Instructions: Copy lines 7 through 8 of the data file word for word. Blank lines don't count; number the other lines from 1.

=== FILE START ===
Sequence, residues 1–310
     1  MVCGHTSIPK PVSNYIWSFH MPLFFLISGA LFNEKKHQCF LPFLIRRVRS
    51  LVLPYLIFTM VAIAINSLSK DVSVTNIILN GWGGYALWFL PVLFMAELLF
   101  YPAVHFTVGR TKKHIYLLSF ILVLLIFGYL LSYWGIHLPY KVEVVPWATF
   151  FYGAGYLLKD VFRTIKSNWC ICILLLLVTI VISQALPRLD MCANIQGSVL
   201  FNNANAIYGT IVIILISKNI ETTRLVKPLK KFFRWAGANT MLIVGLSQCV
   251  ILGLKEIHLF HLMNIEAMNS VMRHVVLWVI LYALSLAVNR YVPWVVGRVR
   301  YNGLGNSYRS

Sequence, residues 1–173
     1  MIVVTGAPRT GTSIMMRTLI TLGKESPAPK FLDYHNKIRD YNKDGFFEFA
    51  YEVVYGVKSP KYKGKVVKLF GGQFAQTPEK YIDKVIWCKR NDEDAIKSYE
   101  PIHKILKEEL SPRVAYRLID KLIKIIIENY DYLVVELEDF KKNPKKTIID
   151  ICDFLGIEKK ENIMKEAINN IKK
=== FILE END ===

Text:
   251  ILGLKEIHLF HLMNIEAMNS VMRHVVLWVI LYALSLAVNR YVPWVVGRVR
   301  YNGLGNSYRS